Dance’s new leading ladies fight back: How female vocalists are now writing their own hits

    New leading ladies of dance fight back

    How female vocalists are now writing their own hits
    Mystery of the Ground Zero wedding photo

    A shot in the dark

    Mystery of the wedding photo from Ground Zero
    His life, the universe and everything

    His life, the universe and everything

    New biography sheds light on comic genius of Douglas Adams
    Save us from small screen superheroes

    Save us from small screen superheroes

    Shows like Agents of S.H.I.E.L.D are little more than marketing tools
    Reach for the skies

    Reach for the skies

    From pools to football pitches, rooftop living is looking up
    These are the 12 best hotel spas in the UK

    12 best hotel spas in the UK

    Some hotels go all out on facilities; others stand out for the sheer quality of treatments
    These Iranian-controlled Shia militias used to specialise in killing American soldiers. Now they are fighting Isis, backed up by US airstrikes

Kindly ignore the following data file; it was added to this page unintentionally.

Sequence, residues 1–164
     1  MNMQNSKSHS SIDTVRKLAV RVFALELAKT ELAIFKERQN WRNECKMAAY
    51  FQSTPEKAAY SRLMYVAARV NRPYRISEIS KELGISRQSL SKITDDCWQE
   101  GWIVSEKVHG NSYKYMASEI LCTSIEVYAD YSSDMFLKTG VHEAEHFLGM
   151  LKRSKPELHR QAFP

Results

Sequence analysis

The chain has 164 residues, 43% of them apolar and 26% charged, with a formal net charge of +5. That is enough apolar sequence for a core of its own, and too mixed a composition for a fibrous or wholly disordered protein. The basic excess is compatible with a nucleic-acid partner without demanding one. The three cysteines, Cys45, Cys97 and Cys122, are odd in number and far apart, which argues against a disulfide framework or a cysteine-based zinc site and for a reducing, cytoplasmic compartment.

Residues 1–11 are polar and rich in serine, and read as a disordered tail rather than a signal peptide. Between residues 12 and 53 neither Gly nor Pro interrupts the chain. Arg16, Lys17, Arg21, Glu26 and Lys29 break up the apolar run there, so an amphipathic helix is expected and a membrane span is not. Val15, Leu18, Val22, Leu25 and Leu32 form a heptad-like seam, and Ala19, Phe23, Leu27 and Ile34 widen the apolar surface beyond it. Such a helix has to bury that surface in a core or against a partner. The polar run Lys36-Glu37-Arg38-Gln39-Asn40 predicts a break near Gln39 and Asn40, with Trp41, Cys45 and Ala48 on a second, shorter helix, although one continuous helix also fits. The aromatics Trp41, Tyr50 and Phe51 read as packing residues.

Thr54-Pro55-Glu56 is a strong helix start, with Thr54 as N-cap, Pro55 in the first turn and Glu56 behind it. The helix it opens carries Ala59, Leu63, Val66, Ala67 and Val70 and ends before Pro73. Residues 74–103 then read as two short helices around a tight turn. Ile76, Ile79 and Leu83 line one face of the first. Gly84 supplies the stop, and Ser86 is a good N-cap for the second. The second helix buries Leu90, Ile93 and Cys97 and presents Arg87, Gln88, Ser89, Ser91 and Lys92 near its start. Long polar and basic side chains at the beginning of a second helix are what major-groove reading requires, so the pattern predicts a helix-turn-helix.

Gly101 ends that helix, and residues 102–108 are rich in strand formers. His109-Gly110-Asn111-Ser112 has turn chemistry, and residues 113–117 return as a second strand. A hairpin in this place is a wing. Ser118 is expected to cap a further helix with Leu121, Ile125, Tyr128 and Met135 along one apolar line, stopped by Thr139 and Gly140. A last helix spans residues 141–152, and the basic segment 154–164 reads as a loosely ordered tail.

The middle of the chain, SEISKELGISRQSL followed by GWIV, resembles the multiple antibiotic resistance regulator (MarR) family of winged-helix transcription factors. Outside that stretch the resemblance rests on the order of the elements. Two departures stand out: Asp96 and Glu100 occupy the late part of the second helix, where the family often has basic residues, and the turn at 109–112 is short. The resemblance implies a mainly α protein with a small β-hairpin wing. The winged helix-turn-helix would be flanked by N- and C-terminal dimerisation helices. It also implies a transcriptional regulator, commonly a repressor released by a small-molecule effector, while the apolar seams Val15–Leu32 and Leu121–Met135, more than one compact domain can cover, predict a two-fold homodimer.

Widespread fear of Isis is producing strange bedfellows

    Iranian-controlled Shia militias that used to kill American soldiers are now fighting Isis, helped by US airstrikes
    Topshop goes part Athena poster, part last spring Prada

    Topshop goes part Athena poster, part last spring Prada

    Shoppers don't come to Topshop for the unique
    How to make a Lego masterpiece

    How to make a Lego masterpiece

    Toy breaks out of the nursery and heads for the gallery
    Meet the ‘Endies’ – city dwellers who are too poor to have fun

    Meet the ‘Endies’ – city dwellers who are too poor to have fun

    Urbanites are cursed with an acronym pointing to Employed but No Disposable Income or Savings
    Paisley’s decision to make peace with IRA enemies might remind the Arabs of Sadat

    Ian Paisley’s decision to make peace with his IRA enemies

    His Save Ulster from Sodomy campaign would surely have been supported by many a Sunni imam